History Meeting House (Dom Spotkań z Historią)
Opening Hours: Tues-Fri from 10am to 8pm
Sat-Sun from 11am to 8pm, Mondays closed
After attending a lecture at Collegium Civitas (CC) on the topic of the First World War (in a class entitled “The History of Central Europe”), I thought a visit to the History Meeting House’s two current temporary exhibits on the subject would be an appropriate way to spend the afternoon.
The History Meeting House (HMH) is a municipal cultural institution that was founded in 2006 through the initiation of the KARTA Center, a non-governmental organization whose mission is to document and popularize the history of Poland and Eastern Europe in the 20th Century. The HMH also focuses on the 20th Century and attempts to make reach the common man by making history interactive and popular. To make history relatable, it presents the life stories of individuals through primary sources. In the words of the HMH’s mission statement, “We focus on those aspects of history which are frequently absent from course-books; it is easier to grasp the uniqueness of an epoch through stories of everyday life and fates of individuals.”
The HMH offers temporary exhibitions on a variety of topics related to Poland and the history of Eastern Europe, as well as discussions, workshops devoted to the history of Warsaw, screenings of feature films and documentaries, educational workshops for students, book launches, and seminars/conferences. Since 2007, the HMH has been popularizing the heritage of “the former eastern territories of the Republic of Poland” within the framework of a program that it calls “Warszawska Inicjatywa Kresowa” or Warsaw’s Eastern Borderlands (the so-called “kresy” area in Polish) Initiative. The two exhibitions that I visited were executed in the framework of that initiative.
The first exhibit was entitled “The Great War in the East (1914-1918) – From the Baltic to the Carpathian Mountains” and is on show until the 12th of April. Essentially a collection of postcards primarily from soldiers fighting in the Austro-Hungarian and German armies on the Eastern front, the goal of the exhibit is to showcase the “German and Austrian viewpoints.” Of course, such a designation is an oversimplification – both German and Austrian as well as the Russian armies were in fact multinational. The 1901 census of the Second German Reich, for example, counted over 3 million Poles in Germany, or about 6 percent of the population of the German Empire. The Austro-Hungarian army contained Ukrainian, Slovak, Polish, Czech, Hungarian, Austrian, Croatian, Italian, and even Bosnian divisions. Indeed, Poles fought in all three armies on the Eastern front.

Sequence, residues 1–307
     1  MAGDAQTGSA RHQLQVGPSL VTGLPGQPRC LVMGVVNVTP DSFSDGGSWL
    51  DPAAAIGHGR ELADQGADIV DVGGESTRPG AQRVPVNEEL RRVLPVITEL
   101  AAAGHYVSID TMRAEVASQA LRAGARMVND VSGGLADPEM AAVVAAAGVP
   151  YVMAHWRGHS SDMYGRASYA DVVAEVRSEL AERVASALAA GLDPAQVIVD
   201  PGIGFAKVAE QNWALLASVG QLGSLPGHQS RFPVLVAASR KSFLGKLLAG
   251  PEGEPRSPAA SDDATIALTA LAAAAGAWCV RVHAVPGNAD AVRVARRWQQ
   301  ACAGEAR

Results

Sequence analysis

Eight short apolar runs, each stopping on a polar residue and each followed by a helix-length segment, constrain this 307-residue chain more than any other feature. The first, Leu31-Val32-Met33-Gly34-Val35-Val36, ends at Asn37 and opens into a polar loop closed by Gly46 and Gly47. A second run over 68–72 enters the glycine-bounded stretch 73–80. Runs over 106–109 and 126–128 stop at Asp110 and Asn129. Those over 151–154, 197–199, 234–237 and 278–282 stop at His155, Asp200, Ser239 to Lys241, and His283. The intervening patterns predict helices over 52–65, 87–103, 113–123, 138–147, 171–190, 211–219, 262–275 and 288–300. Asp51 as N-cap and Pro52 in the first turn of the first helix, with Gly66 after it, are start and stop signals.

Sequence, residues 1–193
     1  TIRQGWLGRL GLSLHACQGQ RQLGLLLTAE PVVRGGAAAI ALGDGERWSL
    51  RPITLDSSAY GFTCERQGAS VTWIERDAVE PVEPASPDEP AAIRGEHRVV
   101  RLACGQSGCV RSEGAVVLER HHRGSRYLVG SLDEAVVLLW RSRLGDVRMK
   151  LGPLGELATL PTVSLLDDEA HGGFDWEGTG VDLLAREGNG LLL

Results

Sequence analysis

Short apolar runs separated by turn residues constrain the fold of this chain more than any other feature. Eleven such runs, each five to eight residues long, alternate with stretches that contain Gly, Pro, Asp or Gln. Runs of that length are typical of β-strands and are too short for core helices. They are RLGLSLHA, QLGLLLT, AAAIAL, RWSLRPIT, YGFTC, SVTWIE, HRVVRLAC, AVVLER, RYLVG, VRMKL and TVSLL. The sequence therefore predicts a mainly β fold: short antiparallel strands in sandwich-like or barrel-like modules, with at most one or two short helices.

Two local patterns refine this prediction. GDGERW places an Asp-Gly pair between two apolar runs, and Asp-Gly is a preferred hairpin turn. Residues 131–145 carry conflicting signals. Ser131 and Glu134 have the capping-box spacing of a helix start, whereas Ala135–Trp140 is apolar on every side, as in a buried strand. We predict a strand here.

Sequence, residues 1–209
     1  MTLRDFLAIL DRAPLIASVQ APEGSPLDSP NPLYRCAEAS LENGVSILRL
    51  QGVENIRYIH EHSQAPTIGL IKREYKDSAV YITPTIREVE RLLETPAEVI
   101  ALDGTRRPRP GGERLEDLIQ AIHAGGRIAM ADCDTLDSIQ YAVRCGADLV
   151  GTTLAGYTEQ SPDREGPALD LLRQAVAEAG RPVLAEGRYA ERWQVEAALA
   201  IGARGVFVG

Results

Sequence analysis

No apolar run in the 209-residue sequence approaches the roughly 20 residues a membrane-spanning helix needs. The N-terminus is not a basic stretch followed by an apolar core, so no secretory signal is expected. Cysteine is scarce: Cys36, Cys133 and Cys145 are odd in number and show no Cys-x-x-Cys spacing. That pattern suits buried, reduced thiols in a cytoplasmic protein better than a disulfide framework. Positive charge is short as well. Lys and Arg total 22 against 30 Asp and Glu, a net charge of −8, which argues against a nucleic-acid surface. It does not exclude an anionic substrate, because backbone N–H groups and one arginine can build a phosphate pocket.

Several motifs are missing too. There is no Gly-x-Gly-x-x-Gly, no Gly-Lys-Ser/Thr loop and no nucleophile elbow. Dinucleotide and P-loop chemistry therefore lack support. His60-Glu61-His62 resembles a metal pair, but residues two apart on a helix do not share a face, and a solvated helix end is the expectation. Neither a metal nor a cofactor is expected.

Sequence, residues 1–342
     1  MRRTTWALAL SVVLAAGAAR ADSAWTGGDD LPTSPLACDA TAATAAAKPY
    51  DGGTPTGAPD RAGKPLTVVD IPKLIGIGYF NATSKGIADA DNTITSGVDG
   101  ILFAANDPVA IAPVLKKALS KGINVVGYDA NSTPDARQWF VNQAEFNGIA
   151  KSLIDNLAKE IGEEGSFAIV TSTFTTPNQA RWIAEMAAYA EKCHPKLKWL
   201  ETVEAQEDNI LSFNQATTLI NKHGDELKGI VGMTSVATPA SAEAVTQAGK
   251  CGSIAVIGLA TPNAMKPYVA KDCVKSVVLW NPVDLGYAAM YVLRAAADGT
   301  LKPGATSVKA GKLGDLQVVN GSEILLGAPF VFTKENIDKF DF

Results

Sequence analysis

In any case, the original photographs and postcards, did certainly convey a very real and personal perspective of the war (albeit censored to portray only the best to family back home). The front was constructed almost as a romantic, idealized place, where soldiers built wooden churches, dug underground huts, and did gardening in their spare time. The well-known awful conditions of trench warfare on the western front were, of course, absent (the war on the eastern front was very fast moving) but so were almost any depictions of death or otherwise negative circumstances.
The second exhibit was called “Photographers of The First World War: Brož, Myšička, Rajman.” Brož, Myšička, and Rajman were evidently prominent Czech photographers that served in the Austro-Hungarian army and documented their service in picture form.
The exhibition consisted of one room of photos depicting the life of soldiers on the front (both the Eastern and the Italian). Although the photos were beautiful and offered a glimpse into a past only 100 years gone by, I found the lack of nuanced narration troubling, given that the only instance of historical background provided presented contentious history as one-sided fact.
The “historical background” portrays the Czechs as unwilling subjects of the Austrian Empire who were forced to fight on for Austria-Hungary but didn’t want to, due to the popularity of Pan-Slavism. Moreover, the “historical background” emphasizes the propaganda used by Masaryk and Beneš in order to gain Czechoslovakia a favorable settlement at Versailles (essentially that Czechoslovakia was a “prisoner” of Austria that was in fact on the side of the Entente). The “historical background” also bloats the size of the Czechoslovak Legion that fought on the side of the Entente (a founding myth of the new state) to 100,000 men, whereas most historians cite it as 60,000 men strong. In fact, most Czechs fought and died willing for Austria-Hungry and many Czech politicians also supported the monarchy and viewed it as necessary for Central Europe, even if they preferred a more federalized union.
In any case, despite some limitations in historical nuance, the HMH is a great way to actually “meet” history in the form of original, primary sources. If you’re interested Eastern Central Europe, I can definitely recommend it. The exhibits are free so there is really nothing to lose. There’s even a café and a reading room where you can relax after some intense engagement with history.